VMware Edge Network Intelligence Network visibility SD-WAN Security Technical

VMware Edge Network Intelligence: Use AIOps to Help SD-WAN Infrastructures Self-Heal

Updated 10/18/2022

Part 3: Creating a Self-Driving Network for Superior Performance, Security, Availability and Efficiency

Note: This is the third in a four-part series about how VMware Edge Network Intelligence™ enables better insights for IT into client device experience and client behavior.

Make network management simpler and more effective

The first post in this series offered an overview on how AIOps provides companies with actionable information, including performance baselines, gleaned from the massive data generated by a global SD-WAN network. The second post details how additional data sources created along the client journey from device to application provide the context that helps network engineers quickly fix network problems at branches before they hamper business operations.

This third post shows you how VMware SD-WAN best-of breed-self-healing functionality becomes even more effective when powered by VMware Edge Network Intelligence data analytics. This combination plays a key role in network IT teams managing their network responsibilities more effectively and efficiently.

Innovative self-healing functionality

The VMware SD-WAN platform typically performs self-healing by reacting to changes in the network based on local information and guided by business policy and intent. For example, the VMware SD-WAN Edge constantly measures the health of all the tunnels it creates. Whether to other sites, edges, or even gateways in the cloud, it analyzes tunnel health, helping the platform react when it detects any issues. To maintain overall network quality, the system then switches to another WAN link, adds redundancy, or leverages multiple paths in a clever way.

In short, the SD-WAN network today already self-heals based on local information provided over short periods of time. A single edge measures its own tunnels, determines that the tunnel health is degrading over time, and reacts to the problem. This functionality happens on an application or packet basis based on the overall tunnel health. What AIOps brings to the table from a self-healing context is its ability to incorporate global information over much longer periods of time.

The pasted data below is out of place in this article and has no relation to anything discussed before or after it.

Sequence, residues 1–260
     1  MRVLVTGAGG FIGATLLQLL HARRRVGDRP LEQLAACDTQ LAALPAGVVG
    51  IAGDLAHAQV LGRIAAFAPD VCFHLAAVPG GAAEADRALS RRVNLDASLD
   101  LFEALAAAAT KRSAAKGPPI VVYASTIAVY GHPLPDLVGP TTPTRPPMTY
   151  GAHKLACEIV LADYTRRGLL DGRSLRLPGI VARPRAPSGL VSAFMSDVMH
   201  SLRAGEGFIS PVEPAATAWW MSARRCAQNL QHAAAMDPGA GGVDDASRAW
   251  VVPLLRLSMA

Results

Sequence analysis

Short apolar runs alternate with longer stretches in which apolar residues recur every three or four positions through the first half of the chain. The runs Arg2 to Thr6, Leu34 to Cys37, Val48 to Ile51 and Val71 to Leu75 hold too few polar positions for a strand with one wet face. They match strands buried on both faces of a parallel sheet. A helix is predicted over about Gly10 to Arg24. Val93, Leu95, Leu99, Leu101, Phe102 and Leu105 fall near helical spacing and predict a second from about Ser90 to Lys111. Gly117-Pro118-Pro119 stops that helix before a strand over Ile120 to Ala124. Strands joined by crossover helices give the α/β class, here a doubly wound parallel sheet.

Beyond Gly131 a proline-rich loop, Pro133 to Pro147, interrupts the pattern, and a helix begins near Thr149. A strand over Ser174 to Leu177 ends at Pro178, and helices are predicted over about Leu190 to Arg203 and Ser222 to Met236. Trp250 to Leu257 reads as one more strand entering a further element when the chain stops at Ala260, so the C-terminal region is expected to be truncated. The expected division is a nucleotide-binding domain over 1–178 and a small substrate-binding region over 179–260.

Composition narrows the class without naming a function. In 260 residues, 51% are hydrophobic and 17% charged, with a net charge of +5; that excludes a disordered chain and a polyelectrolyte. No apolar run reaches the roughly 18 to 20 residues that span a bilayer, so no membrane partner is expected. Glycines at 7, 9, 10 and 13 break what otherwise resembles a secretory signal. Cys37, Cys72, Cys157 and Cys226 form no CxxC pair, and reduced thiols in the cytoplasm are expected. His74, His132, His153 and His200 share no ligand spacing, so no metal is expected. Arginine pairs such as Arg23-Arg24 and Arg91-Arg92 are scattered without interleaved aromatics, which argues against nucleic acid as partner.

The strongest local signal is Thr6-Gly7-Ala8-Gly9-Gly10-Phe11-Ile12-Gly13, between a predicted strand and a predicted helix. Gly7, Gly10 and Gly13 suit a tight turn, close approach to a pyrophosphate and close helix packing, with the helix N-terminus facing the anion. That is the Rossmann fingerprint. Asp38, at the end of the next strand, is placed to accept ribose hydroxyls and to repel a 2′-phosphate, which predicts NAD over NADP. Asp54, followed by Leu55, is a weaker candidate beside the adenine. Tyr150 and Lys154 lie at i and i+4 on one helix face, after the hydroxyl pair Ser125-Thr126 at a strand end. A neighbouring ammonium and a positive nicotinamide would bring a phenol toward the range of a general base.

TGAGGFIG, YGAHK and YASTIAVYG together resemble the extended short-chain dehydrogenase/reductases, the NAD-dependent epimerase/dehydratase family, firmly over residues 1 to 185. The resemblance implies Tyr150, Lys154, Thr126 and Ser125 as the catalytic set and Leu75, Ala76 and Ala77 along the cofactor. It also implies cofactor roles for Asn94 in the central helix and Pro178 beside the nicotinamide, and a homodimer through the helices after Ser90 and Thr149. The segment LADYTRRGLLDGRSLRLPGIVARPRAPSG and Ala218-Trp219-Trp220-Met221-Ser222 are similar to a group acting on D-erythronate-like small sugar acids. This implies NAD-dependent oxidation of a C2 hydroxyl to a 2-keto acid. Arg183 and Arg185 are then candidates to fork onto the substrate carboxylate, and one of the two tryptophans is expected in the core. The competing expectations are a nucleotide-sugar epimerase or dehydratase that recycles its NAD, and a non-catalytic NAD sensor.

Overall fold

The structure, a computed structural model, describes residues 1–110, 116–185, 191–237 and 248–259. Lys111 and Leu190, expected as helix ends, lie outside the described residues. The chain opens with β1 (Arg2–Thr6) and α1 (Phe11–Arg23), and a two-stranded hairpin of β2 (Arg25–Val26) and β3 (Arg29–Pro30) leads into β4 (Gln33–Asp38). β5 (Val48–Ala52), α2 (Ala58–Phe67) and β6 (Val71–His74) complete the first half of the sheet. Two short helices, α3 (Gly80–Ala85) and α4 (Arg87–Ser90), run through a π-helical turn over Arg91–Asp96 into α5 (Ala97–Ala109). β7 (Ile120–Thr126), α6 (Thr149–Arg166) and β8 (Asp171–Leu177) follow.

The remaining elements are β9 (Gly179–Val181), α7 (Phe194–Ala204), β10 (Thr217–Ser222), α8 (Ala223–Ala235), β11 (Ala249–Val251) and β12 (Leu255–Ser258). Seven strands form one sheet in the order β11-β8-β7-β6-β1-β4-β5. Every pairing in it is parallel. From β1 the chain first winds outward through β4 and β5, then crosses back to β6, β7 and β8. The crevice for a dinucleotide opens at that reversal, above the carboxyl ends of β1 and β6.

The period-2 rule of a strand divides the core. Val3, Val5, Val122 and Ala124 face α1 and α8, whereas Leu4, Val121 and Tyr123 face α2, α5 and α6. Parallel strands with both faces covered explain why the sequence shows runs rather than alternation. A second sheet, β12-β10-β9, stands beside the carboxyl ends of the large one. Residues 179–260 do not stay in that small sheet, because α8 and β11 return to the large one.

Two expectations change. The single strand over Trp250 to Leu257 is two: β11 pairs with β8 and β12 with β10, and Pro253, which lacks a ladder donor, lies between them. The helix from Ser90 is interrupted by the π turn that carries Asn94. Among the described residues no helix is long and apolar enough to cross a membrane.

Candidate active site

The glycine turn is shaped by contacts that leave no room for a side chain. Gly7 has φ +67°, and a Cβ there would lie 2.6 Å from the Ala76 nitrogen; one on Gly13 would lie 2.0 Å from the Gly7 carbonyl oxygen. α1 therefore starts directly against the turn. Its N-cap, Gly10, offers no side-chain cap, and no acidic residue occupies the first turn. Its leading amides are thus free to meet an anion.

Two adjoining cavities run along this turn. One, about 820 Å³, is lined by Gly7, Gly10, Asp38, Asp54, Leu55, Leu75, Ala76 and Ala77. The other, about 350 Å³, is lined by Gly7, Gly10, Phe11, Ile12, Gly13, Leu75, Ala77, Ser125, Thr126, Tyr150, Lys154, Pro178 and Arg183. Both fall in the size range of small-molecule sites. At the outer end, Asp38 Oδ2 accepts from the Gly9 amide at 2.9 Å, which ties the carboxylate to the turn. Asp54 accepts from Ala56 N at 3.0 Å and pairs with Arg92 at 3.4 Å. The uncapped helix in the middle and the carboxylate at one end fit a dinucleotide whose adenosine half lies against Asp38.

AIOps provides the global information to make self-healing more effective

The last blog post discussed how using additional data sources fed into AIOps makes managing SD-WAN easier. These sources include data from the network itself or from other vantage points along the client to application journey, such as wireless devices, switches, network services and the SD-WAN edges, gateways and hubs.  Additionally, anonymized insights from other VMware SD-WAN enterprise networks are fed into VMware Edge Network Intelligence. All this information helps the SD-WAN platform detect patterns to actually locate the source of any network problem.

Adding self-healing to the equation means that AIOps essentially tells the SD-WAN network and even other controllable networks to take action to fix these global issues. Using a larger data set sampled over a longer period of time provides an additional layer of meaningful analysis. In addition to measuring and reacting to tunnel health, AIOps provides the ability to separate out every single application, analyzing each app’s performance individually. And that’s only the start.

For example, if tunnel health is fine but application performance over that tunnel remains poor, perhaps it’s an issue with certain applications requiring a special kind of remediation. A short-term fix won’t solve the issue over time. Fortunately, this approach allows the system to analyze trends, determine any emerging patterns, and actually program the ability to mitigate the problem on an application basis using the global information provided by AIOps. Analyzing the efficacy of fixes performed on other VMware SD-WAN networks is part of this process.